The same types of issues that apply to Windows service and protocol configurations also apply to Linux. As with Windows, most Linux distros ship with default services, but many are added after installation. The key difference is that Microsoft provides the software for most of the common Windows-based services. Linux, on the other hand, depends on third parties to develop and provide the software. You choose the application you want, and download the package that is appropriate for your distribution and platform. This "mix and match" approach makes the range of possible service and protocol configurations much wider in Linux. As a pen tester, you should research possible exploits for the Linux kernel, service/application, and protocol versions that you discover.
Some notable exploits that have affected Linux services and protocols include the following.
- Exploits how the popular EXIM mail server uses the gethostbyname function in the GNU C library (glibc).
- Can give an attacker remote control over the entire system.
- Affects nearly all distros that have EXIM installed.
- Metasploit module exploit/linux/smtp/exim_gethostbyname_bof.
Shellshock CVE-2014-6271, CVE-2014-6278
- Exploits a vulnerability in how the Bash shell handles external environment variables.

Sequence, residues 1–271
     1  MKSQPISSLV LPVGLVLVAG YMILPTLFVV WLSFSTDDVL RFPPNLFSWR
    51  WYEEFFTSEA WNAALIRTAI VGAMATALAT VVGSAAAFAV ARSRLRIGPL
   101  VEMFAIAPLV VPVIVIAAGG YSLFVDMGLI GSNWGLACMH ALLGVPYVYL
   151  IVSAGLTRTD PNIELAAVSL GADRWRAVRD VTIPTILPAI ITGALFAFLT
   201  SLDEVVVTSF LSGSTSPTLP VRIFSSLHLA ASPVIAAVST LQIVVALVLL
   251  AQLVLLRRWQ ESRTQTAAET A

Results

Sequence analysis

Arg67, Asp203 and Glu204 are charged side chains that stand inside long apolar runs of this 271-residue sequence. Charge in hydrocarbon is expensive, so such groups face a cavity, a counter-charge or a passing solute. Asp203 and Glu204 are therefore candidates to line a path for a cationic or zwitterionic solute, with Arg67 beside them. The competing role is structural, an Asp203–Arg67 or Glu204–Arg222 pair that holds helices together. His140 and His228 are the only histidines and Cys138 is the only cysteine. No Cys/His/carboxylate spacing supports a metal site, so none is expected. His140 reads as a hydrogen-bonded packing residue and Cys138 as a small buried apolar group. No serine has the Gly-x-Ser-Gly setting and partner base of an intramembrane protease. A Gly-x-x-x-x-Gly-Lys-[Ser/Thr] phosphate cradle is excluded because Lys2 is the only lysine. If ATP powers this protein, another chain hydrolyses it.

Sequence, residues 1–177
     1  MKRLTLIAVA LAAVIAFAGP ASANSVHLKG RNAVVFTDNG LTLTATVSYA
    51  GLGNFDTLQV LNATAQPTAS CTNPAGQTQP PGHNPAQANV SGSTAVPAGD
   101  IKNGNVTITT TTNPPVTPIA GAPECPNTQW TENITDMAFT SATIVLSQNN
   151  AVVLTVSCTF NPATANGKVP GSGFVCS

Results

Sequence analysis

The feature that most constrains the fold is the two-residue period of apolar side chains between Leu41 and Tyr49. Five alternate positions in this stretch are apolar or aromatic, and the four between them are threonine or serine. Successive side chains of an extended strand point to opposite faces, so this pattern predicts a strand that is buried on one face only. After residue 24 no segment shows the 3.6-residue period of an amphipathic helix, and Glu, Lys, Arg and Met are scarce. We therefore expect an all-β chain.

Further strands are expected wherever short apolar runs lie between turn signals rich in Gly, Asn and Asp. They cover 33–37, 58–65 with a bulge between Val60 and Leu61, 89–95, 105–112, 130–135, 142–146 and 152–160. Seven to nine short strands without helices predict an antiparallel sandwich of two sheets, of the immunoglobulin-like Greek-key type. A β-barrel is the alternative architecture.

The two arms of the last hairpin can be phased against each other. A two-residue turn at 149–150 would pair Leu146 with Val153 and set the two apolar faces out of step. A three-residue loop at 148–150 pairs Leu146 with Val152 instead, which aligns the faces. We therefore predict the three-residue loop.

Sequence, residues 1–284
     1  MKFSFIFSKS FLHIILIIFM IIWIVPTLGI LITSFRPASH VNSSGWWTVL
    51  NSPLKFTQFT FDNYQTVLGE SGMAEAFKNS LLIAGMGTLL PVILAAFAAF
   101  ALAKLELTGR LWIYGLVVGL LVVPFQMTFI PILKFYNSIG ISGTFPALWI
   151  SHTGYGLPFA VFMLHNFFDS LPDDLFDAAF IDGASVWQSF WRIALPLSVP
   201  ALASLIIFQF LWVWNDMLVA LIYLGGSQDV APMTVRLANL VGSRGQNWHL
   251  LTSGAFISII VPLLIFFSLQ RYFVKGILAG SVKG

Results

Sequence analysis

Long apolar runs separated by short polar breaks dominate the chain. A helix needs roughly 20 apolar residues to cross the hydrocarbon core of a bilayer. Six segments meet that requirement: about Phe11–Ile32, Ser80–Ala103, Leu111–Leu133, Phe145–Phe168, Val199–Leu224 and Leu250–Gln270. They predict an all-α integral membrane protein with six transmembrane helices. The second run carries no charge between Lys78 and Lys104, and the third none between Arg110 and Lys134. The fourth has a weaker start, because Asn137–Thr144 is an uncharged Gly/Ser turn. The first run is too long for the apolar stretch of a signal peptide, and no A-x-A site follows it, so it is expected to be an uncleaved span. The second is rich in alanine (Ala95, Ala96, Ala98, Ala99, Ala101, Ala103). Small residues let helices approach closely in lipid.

- Exploit-db.com lists 15 exploits.
- Metasploit has 10 exploit modules; search shellshock.
- A platform-independent information disclosure vulnerability in the OpenSSL encryption library.
- OpenSSL uses a special heartbeat message that echoes data back to confirm that it was received correctly. If exploited properly, it can induce the server to also echo back random data from memory, including login credentials and session cookies.
- Metasploit module auxiliary/scanner/ssl/openssl_heartbleed, https://gist.github.com/eelsivart/10174134
POODLE CVE-2014-3566, CVE-2014-8730
- A platform-independent man-in-the-middle attack that forces web servers and browsers to negotiate down from the stronger TLS to the weaker SSL 3.0.
Linux Service Installation Methods
The most common installation commands include:
- Debian/Ubuntu APT apt-get install <package name>
- Fedora/Redhat yum yum install <package name>
- Mandriva URPM urpmi <package name>
- SUSE YaST yast -i <package name>
- Generic source code, often distributed as a tarball tar -xzvf <name>.tar.gz